Designing by Deleting
It’s easy to get carried away while designing a game. Everyone has a mountain of ideas, and anything goes during the early exploratory phase of creating a game. But once the core gameplay emerges and major flaws are resolved, game design becomes more about focus.
It really comes down to two questions when evaluating whether some new addition or change belongs in the game. What problem does it solve, and does it enhance the core gameplay?
Early on when designing Fantastic Factories, I realized that I discovered something fun and playable. Fantastic Factories is a game that uses cards, dice, and resources. Discovering all the ways these elements could interact was awesome and a great exercise in creativity. But once I started showing and teaching the game to people outside of my core play testing group it became clear to me how complex the game had gotten.
Fantastic Factories is largely a card game and the beauty of card games is that the majority of the game “rules” are written on the card itself. As Donald X (designer of Dominion) has said, “Because you don’t need to learn those rules to play, which is fantastic … they sprawl in their secret way.”
Fantastic Factories is also a tableau building game (that means those cards remain in play in front of each player). When players have to be able to read other players’ cards from across the table, you want to use iconography over words and keep it as simple as possible.
As a game designer, I wanted to explore unique situations and stretch the capabilities of each card but I began to realize that simplicity and focus was more important than supporting fringe scenarios. You should eliminate an extra line of text or secondary functionality if the card still serves its original purpose without it.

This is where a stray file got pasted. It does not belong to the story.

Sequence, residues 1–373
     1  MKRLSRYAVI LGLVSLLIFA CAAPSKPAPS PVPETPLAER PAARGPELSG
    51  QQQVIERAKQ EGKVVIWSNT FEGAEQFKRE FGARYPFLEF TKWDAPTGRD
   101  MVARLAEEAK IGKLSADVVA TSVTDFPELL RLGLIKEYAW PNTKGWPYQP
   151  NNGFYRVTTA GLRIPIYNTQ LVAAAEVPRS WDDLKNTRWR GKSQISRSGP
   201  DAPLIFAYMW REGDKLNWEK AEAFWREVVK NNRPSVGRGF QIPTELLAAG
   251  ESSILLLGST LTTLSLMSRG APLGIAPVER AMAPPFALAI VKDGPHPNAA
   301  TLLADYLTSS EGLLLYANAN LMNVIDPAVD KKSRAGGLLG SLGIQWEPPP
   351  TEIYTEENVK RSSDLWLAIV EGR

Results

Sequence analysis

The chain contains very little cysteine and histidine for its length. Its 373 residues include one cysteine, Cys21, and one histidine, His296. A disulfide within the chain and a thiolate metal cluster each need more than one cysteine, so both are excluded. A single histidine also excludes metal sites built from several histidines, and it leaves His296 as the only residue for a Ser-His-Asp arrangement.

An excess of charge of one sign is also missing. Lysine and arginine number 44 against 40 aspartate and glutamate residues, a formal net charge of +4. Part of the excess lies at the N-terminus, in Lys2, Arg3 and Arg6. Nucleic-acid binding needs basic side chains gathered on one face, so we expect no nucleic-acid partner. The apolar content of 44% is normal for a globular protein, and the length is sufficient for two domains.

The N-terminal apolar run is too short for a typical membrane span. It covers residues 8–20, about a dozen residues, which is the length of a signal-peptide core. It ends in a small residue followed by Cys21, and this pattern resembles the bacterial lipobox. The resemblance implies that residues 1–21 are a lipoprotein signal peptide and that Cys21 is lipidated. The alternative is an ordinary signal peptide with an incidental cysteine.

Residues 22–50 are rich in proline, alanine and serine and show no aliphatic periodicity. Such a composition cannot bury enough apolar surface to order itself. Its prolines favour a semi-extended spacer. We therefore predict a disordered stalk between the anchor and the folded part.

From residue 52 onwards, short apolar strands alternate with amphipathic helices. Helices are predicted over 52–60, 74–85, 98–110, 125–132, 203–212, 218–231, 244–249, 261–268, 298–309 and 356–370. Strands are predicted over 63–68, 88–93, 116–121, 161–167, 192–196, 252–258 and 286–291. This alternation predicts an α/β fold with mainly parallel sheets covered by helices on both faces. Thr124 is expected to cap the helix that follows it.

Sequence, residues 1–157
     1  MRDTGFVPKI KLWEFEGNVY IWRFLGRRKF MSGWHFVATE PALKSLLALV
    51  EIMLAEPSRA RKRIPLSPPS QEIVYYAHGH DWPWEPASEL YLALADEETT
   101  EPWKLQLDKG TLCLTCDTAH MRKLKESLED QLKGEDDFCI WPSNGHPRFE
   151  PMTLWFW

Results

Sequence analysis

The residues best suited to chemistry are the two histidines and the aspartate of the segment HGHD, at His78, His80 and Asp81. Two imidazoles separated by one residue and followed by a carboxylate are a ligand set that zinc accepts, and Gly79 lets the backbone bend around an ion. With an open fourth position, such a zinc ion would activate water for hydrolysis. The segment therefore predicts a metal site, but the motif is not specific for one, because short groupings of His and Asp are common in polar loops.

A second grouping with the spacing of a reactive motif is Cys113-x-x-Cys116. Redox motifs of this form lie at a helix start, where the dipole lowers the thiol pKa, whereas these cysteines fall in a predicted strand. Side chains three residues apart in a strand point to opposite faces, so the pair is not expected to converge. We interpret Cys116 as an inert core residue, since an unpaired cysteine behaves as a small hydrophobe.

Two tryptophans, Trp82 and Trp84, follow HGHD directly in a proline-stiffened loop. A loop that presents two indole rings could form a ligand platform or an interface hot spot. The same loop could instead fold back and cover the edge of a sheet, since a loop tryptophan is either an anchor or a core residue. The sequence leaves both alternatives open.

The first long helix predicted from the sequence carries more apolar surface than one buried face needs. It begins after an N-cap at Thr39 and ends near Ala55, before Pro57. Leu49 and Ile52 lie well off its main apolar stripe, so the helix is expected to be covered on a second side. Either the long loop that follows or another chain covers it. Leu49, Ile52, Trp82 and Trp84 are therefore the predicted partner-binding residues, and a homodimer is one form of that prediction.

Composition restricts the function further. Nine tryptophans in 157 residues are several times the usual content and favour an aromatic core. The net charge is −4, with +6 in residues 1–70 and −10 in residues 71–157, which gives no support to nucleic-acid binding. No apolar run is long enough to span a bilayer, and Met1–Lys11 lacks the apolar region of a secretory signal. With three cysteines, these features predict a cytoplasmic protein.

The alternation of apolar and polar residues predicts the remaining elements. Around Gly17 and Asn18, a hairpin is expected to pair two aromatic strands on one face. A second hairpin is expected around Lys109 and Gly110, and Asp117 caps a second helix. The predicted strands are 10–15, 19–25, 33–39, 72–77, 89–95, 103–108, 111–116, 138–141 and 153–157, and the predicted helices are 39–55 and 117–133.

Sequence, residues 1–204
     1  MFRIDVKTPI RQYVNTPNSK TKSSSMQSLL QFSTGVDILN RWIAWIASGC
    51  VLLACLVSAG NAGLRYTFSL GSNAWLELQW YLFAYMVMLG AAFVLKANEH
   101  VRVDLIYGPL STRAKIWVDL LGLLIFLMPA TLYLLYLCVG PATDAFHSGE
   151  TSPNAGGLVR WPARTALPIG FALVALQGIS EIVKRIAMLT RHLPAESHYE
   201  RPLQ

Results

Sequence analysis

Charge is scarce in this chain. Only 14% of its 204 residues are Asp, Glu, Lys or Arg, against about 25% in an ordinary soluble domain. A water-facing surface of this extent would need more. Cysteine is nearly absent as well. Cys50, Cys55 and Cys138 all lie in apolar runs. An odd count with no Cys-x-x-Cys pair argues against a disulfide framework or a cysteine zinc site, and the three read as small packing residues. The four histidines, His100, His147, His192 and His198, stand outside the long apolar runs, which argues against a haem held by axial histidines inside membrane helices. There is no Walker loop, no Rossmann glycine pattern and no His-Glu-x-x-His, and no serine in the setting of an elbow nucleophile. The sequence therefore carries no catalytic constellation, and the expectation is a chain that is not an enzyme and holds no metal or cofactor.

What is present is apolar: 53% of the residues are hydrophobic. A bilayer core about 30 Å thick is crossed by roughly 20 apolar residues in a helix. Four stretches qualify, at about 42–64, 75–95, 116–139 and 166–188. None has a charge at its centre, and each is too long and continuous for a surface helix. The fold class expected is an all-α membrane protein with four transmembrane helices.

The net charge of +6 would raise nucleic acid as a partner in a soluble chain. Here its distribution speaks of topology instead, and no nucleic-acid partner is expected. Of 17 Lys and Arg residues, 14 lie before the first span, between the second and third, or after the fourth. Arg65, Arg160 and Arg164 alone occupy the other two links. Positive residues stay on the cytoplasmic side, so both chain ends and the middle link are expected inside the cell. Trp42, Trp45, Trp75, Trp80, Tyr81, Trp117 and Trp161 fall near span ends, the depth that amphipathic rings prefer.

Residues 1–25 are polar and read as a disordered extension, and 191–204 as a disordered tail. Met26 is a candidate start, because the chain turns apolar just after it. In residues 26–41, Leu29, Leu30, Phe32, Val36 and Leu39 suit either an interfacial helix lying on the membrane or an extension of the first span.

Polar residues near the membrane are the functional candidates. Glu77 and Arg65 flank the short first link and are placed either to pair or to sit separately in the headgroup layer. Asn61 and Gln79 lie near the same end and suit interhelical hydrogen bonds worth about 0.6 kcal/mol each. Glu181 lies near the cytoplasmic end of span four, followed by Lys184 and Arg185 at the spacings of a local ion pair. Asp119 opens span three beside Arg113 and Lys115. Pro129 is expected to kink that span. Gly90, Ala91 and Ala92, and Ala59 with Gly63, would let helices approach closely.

When introducing the game to new players, simplicity is key. Simplicity leads to focus, and focus creates tight and intuitive gameplay. The fewer rules and fiddly bits there are to a game, the cleaner and easier it will be to play.
To provide a concrete example, in Fantastic Factories, the Refinery used to be able to be activated twice. The reality is that the second activation didn’t solve any particular problem, and it was rarely used so I eliminated that extra functionality, and it cleaned up the card immensely. Players were then able to understand the card from across the table without having to read fine print details. A single line of text may not seem like a big deal, but when new players have to absorb the content of many cards, it all adds up and can become intimidating.
I gave Constructor the same treatment. Being able to build twice seemed cool but it rarely happened because of the resource cost. Once again, it wasn’t solving any particular problem so I removed it.
As you enter into your 100th or 200th play through of your game it may be tempting to add in extra gameplay elements but you need to ask yourself, what are the current problems with the game and does adding this help solve those problems? The game may begin feeling stale once it’s stable and you’ve been play testing it for a while, but keep in mind that the average board game is played fewer than 10 times. Resist the urge to add complexity to your game for complexity’s sake. In fact, do the opposite. Analyze each piece of your game and decide, is this really necessary?
Let me know your thoughts in the comments and if there are any particular games you feel have really tight focus in its game design.